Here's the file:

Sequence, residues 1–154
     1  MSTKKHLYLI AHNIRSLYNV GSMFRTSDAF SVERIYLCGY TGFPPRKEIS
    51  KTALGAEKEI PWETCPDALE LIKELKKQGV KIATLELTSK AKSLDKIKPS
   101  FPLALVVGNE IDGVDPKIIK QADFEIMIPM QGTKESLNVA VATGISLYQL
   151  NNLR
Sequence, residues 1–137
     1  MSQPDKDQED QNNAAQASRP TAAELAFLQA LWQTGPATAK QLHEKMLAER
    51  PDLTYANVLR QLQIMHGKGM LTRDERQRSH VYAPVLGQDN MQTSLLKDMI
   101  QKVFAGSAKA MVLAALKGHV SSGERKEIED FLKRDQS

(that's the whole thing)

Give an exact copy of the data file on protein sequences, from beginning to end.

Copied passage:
Sequence, residues 1–154
     1  MSTKKHLYLI AHNIRSLYNV GSMFRTSDAF SVERIYLCGY TGFPPRKEIS
    51  KTALGAEKEI PWETCPDALE LIKELKKQGV KIATLELTSK AKSLDKIKPS
   101  FPLALVVGNE IDGVDPKIIK QADFEIMIPM QGTKESLNVA VATGISLYQL
   151  NNLR
Sequence, residues 1–137
     1  MSQPDKDQED QNNAAQASRP TAAELAFLQA LWQTGPATAK QLHEKMLAER
    51  PDLTYANVLR QLQIMHGKGM LTRDERQRSH VYAPVLGQDN MQTSLLKDMI
   101  QKVFAGSAKA MVLAALKGHV SSGERKEIED FLKRDQS